Every woman knows the magic of a perfect pair of shoes. Slip them on and you transform from the average housewife or soccer mom into a slin...

These Shoes were Made for Killing: The Red Shoes and the Power of Female Sexuality

Every woman knows the magic of a perfect pair of shoes. Slip them on and you transform from the average housewife or soccer mom into a slinky sex goddess, powerful and confident in your six inch stilettos. A woman will do anything for a premier pair of pumps. Cinderella’s stepsisters were willing to hack off heel and toe to make those glass slippers fit and Dorothy went head to head with the Wicked Witch of the West for her sparkly ruby footwear.

The unbreakable bond between a woman and her shoes is at the heart of the Korean horror film, The Red Shoes. Viewers might be confused by the title of the film because the cursed shoes that appear in the film are actually pink. This color change (as far as I can remember) was the result of a copyright dispute involving another pair of prominent red slippers in cinema. Ahem.

A woman named Sun-jae finds herself on the business end of horrible curse when she picks up a pair of seemingly abandoned shoes on the subway. But these shoes aren’t your run of the mill Louboutins, and they carry some considerable spiritual baggage. They once belonged to a talented ballet dancer who had the bad luck of falling in love with her male partner. He cheats on her with the ballet company’s second best star, who’s violently jealous of the prima ballerina’s talent.

When runner up realizes she can never best her rival, she beats her to death with a heavy stage prop, ignorant that the poor woman is pregnant. Serving as an accomplice after the fact, the lover helps get rid of body and watches helplessly as second best cuts off the dancer’s feet with a shovel for her precious red shoes.
Put simply the formula is: Infidelity+murder=vengeful ghost which manifests itself in the red shoes. The revenge for anyone who takes them is swift and terrible. The not-so-happy couple responsible for the dancer’s death is hanged in the middle of a dance production and many a girl ends up losing her feet to the ferocious specter.

Imbued with the vengeful spirit of their previous owner, the red shoes represent the power of female sexuality. Think about how you feel when a drop dead gorgeous woman walks into a crowded room at a party. Your eyes are on her, lingering on her perfectly coiffed hair, the way her barely there dress hugs every cruve, your gaze drifting lazily down to her fire engine red Jimmy Choos. If you’re a man you want her, and if you’re a woman you want to be her.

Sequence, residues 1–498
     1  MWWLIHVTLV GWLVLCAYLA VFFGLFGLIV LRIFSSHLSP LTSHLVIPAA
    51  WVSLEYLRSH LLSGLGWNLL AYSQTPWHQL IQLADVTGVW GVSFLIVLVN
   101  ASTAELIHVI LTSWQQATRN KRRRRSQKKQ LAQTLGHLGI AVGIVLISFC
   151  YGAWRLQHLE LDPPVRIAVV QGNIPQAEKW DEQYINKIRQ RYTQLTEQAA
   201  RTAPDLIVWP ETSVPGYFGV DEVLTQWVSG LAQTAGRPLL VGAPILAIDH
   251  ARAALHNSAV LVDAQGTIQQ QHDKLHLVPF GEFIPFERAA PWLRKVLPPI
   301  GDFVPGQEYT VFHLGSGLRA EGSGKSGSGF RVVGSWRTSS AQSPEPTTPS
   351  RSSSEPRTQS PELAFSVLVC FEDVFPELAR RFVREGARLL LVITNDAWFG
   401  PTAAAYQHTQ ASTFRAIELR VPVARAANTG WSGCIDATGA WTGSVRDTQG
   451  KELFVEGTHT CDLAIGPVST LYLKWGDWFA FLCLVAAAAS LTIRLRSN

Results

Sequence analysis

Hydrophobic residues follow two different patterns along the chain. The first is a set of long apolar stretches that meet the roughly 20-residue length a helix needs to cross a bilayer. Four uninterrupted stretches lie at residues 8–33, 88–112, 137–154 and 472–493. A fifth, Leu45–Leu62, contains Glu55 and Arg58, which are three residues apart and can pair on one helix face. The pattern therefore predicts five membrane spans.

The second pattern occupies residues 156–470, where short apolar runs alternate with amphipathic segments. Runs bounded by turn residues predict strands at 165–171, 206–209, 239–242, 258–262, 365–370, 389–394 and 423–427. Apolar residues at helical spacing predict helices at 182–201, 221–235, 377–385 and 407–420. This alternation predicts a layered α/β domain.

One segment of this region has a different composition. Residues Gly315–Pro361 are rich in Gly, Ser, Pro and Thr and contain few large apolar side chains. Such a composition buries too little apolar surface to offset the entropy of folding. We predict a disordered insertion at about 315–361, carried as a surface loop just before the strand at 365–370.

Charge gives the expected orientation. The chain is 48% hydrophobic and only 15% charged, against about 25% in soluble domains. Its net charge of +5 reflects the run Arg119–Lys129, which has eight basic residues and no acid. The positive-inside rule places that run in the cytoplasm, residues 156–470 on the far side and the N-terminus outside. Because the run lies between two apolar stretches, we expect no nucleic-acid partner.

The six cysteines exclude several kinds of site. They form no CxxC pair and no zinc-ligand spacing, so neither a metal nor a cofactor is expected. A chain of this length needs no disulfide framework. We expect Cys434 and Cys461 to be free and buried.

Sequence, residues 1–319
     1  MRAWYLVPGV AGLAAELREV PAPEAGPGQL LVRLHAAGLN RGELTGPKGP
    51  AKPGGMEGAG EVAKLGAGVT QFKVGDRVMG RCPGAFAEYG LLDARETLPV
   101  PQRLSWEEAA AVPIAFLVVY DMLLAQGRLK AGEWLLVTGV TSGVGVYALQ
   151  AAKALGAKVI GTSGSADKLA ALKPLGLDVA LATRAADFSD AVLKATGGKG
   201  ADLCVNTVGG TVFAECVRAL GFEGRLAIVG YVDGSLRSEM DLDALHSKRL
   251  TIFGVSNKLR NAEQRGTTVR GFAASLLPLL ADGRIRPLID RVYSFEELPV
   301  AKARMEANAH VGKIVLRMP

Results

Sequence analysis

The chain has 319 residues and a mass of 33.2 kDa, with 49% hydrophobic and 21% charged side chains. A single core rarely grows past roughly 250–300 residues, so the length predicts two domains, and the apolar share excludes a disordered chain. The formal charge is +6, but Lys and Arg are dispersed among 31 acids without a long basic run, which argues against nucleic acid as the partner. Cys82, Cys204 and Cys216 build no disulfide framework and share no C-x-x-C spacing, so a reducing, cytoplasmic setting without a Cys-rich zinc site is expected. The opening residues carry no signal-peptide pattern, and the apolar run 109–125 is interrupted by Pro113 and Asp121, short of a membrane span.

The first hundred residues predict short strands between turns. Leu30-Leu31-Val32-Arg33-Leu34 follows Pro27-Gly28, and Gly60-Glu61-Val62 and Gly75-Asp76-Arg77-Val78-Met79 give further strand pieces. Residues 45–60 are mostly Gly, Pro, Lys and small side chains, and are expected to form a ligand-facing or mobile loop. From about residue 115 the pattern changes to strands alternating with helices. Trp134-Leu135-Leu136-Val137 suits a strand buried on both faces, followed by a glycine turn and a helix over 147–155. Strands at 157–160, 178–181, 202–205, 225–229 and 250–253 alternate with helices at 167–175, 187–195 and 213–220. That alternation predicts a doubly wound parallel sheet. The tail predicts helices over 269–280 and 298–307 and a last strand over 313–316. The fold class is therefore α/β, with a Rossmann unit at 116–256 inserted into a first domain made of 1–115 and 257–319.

This same principle is at work in The Red Shoes. The very sight of these cursed footwear causes women to become insanely jealous and drives them to violently claim them as their own. Sun-jae has to fight off her daughter for the shoes and Sun-jae’s co-worker steals them from daughter Tae-su while her mother’s distracted and runs off with them.

Shoes are the source of a woman’s sexual prowess in The Red Shoes. When Sun-jae comes home to find her husband making love to a another woman, she is wearing her shoes—a slap in the face made worse by the husband’s comment that his mistresss looks better in them than his wife.

The shoes also find a parallel with menstruation, which is depicted as a powerful and frightening feminine force. In the middle of a dream, Sun-jae watches in horror as torrents of thick blood flow down from a crack in the ceiling, dousing her in gore. In a vaguely incestuous scene, Sun-jae walks in on Tae-su wearing the shoes and dancing for her father. The father leaves silently and Tae –su begins violently hemorrhaging blood from between her legs. The innocent game of a girl playing dress up takes a terrible turn. The shoes may make you a woman, but at a terrible price.
I won’t ruin the ending, but suffice it to say that all the men in the film end up dead at the hands of the shoes' new owner. The Red Shoes takes the idea of female sexual power and transforms it into a chilling metaphor,one that’s sure to make you pause before you snag that pair of must have Minolos.

2 comments:

  1. Man, that looks like an f'ed up movie. Wouldn't mind checking that one out. I don't get to see a whole lot of "J" horror beyond the big hits from the start of the last decade. This looks mighty creepy.

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  2. i agree, this movie scares me just looking at the poster... are they just the wrong size? lol

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